Yes there are some dubious calls – the Swedish couple who called for an air ambulance on a hike because they were tired, even though there was a cottage nearby where they could have rested (they opted to pay for the helicopter ride anyway), and those late night walkers on Arthur’s Seat in Edinburgh who called mountain rescue because they became scared of the highland cows. But if you are injured, lost or actually too tired to call down, you shouldn’t hesitate to call for help.
Failure to dial 911 when you need help can obviously increase your risk of exposure and hypothermia as well as sustaining further injuries, but it doesn’t just increase your risk – making a call at 11pm that should have been made at 3pm can mean rescuers themselves have to spend the night on the mountain, which is riskier for them and can end up costing them more as they use more resources.
Now all of this said, there may be charges associated with getting rescued from a mountain, it’s just that those charges won’t come from the mountain rescue team. If you call 911 straight away when you fall into trouble and a team is dispatched to find that you only need navigational assistance or minor first aid, they might guide or stretcher you down the mountain and from the trailhead, you may be able to get home yourself or call a friend for a ride.
But if your rescue involves an ambulance that’s waiting for you at the trailhead, in the US you will have to pay for that ambulance, either out-of-pocket or from your insurance deductible. As you’ve probably already realized then, any medical care you receive at the hospital will also come with charges, and those can be astronomical – let’s not forget the New Zealand woman who fell while rock climbing in Yosemite National Park and was hit with a $1.2 million hospital bill. Just because SAR exists to save your life, it doesn’t mean they provide insurance against injury.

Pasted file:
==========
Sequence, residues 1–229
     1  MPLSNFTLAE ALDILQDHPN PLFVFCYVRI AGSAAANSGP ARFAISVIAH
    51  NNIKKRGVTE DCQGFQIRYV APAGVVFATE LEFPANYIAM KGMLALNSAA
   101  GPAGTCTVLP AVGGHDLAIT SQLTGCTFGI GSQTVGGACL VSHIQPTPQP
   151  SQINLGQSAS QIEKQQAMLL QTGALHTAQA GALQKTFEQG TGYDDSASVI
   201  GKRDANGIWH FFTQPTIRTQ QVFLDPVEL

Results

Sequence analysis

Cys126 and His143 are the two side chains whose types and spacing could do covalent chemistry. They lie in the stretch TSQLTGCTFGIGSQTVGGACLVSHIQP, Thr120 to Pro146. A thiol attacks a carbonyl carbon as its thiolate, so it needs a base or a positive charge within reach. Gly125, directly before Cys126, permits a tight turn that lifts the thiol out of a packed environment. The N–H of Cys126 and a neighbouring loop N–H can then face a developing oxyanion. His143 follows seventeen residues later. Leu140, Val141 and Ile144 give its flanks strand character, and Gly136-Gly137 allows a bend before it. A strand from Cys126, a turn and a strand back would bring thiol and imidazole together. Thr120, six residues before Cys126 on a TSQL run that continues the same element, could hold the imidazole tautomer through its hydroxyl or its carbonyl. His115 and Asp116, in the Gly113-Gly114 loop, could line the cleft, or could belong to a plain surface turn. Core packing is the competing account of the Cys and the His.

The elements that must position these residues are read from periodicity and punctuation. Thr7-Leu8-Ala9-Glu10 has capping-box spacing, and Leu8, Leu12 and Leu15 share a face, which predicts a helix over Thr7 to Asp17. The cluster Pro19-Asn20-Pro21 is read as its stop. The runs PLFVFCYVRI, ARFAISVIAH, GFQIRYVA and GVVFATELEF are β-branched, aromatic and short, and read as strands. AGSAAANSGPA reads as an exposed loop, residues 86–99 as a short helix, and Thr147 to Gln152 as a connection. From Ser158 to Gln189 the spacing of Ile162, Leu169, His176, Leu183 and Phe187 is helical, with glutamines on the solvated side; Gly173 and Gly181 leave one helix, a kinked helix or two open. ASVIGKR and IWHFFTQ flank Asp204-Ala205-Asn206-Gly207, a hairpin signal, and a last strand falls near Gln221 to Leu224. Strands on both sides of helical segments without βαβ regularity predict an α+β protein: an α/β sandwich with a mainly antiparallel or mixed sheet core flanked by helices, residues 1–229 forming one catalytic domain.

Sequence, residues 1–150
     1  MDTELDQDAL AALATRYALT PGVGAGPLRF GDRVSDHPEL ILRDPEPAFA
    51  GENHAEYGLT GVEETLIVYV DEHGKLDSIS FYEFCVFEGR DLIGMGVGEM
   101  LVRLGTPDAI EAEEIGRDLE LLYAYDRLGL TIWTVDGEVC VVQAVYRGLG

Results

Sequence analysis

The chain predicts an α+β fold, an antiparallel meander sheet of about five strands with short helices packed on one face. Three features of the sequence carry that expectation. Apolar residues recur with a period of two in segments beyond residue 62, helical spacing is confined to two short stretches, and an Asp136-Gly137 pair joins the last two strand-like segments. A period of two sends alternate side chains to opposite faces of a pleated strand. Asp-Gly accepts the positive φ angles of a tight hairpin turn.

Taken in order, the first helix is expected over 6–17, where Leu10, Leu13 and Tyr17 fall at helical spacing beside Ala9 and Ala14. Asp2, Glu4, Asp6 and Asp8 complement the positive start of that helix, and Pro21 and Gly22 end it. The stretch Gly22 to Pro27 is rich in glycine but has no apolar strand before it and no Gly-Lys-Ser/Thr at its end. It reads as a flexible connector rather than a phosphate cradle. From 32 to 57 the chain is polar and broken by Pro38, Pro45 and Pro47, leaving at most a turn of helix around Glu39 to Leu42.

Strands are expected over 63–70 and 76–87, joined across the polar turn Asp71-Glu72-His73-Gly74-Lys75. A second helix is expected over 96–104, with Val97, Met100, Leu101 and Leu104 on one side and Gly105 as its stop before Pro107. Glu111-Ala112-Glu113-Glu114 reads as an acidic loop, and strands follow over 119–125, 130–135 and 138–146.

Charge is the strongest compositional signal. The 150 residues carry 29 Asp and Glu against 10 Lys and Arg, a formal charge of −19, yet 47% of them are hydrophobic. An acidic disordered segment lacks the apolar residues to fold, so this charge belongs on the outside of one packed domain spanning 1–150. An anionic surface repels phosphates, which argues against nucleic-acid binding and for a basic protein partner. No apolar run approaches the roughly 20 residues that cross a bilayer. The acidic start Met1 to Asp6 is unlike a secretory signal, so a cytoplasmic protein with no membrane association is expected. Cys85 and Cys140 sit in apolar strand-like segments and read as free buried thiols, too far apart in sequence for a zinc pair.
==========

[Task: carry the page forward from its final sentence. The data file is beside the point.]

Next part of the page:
Then there are the cases where you could face criminal charges for your conduct. A recent and high profile example of this was a Utah doctor who faced, you guessed it, a $10,000 fine after misleading mountain rescue and impeding an investigation after his climber partner fell whilst climbing Mount Denali. Such cases are the result of reckless and unlawful behavior, however, not failing to lace your hiking boots properly and tripping over, and charges would be filed by a prosecutor, not mountain rescue, who take no official position in such matters.
So we can’t say that any incident in the mountains wouldn’t cost you a dime, but surely a dime is better than permanent injury or death, and remember, the sooner you call, the more damage you can potentially avoid.
What you can do is prepare. Check the conditions. Dress in hiking layers. Tell someone where you are going. Know how to survive a night on a mountain. And if things go off course, ask for help.
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Julia Clarke is a staff writer for Advnture.com and the author of the book Restorative Yoga for Beginners. She loves to explore mountains on foot, bike, skis and belay and then recover on the the yoga mat. Julia graduated with a degree in journalism in 2004 and spent eight years working as a radio presenter in Kansas City, Vermont, Boston and New York City before discovering the joys of the Rocky Mountains. She then detoured west to Colorado and enjoyed 11 years teaching yoga in Vail before returning to her hometown of Glasgow, Scotland in 2020 to focus on family and writing.